‘Our body is a huge landscape. A lot of life is going on in there; and so we are not alone. This generates different things. For example, my work has tried to show this connection for a long time, I have tried to show this continuity between body and landscape, which means ourselves and our environment. But we are always inside of this landscape, as this landscape is inside of us.’

E. Neto in conversation with P. Joos, ‘Conversación con Ernesto Neto / Conversation with Ernesto Neto’, in El Cuerpo Que Me Lleva / The Body that Carries Me, exh. cat., Bilbao: Guggenheim Museum Publications, 2014, p. 24

btw us, 2013

2 photographs, 2 ceramic pots with plants (Kalanchoe Tomentosa and Aloe Variegata)
diptych: 146 x 110 cm.; 57 1/2 x 43 1/4 in. (framed)
Installation view: Galerie Max Hetzler, Berlin, 2013
Photo: def image

‘How deeply nature is living inside of us. Nature is everywhere, it’s more than what we commonly call “the nature”. We are nature.
[…] It’s also about the relation you have with an artwork. You have to take care of it, you have to water it. You have to see it and spend time with it every day.’

E. Neto in conversation with J.M. Gallais, ‘Ernesto Neto’, in Remember Everything: 40 Years Galerie Max Hetzler, exh. cat., Galerie Max Hetzler, Berlin; Berlin/London: Holzwarth Publications/Ridinghouse, 2014, p. 152

hand play mind, 2013

30 mm corten steel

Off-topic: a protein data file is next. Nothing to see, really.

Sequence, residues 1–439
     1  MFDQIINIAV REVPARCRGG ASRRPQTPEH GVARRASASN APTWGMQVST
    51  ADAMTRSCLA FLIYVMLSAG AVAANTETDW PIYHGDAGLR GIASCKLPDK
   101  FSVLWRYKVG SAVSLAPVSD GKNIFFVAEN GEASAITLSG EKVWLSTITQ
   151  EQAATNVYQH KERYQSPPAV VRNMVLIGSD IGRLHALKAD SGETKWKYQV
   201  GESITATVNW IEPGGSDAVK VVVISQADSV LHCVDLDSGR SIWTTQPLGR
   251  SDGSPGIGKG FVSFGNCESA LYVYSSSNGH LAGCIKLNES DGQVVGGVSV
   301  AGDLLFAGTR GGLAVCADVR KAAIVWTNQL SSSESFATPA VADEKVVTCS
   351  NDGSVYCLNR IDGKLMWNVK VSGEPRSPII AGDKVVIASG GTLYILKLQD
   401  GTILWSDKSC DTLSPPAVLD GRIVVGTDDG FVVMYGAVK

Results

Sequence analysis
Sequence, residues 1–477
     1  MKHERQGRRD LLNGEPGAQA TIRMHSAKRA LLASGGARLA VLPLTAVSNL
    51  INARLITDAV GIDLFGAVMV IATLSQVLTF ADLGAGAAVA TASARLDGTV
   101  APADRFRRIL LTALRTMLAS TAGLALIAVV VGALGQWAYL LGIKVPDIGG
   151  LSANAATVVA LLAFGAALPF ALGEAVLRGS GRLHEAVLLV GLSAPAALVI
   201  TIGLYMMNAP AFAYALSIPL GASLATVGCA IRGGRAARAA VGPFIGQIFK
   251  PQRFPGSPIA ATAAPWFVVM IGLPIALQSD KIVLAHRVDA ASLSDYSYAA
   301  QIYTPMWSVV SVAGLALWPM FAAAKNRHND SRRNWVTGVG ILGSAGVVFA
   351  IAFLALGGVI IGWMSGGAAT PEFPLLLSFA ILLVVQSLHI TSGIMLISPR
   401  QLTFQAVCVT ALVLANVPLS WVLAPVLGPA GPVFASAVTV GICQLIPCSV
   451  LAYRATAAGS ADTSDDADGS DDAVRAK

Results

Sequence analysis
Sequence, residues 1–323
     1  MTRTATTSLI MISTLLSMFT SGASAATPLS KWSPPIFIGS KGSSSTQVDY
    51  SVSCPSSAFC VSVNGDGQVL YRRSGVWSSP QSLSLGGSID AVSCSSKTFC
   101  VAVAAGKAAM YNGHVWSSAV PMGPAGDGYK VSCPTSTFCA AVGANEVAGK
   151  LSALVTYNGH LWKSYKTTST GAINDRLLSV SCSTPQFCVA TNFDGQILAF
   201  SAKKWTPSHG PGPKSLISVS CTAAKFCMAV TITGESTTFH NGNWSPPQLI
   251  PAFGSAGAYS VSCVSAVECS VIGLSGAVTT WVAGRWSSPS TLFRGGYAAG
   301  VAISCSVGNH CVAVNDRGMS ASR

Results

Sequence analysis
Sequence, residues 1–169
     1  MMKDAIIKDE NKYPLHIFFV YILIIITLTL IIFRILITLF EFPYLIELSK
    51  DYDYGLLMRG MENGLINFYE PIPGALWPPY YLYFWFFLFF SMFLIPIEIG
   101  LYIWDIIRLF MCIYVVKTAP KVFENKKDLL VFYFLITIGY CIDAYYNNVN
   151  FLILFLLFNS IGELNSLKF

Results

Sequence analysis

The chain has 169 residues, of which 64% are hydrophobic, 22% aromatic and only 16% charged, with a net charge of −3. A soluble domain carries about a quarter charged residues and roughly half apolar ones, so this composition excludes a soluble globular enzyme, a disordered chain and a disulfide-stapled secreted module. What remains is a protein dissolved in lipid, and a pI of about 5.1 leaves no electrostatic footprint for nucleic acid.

163 x 159 x 294 cm.; 64 1/8 x 62 5/8 x 115 3/4 in.
Installation view: Ernesto Neto, hand play mind, Sculpture Park at the Stiftung zur Förderung zeitgenössischer Kunst in Weidingen, 2013
Photo: def image

‘The steel sculptures […] are playing on antagonistic relations. They are in a way very soft and very hard at the same time. You need big machines to install them but it’s like a construction game. Once the different parts are connected with each other, they find their balance. You know, there is a flexibility in the steel.

[…] The use of a dense material like steel is something deeply rooted in Brazil, we feel we need it. I don’t know why. Maybe because the steel comes out of the ground here, there is a lot of steel in the state of Minas Gerais, beside Rio de Janeiro. Also, this is a material that rusts, and the rusting brings a “naturality”. It breaks this high-tech spirit of the metal-coated materials, so usual in this clean world we are living in today.’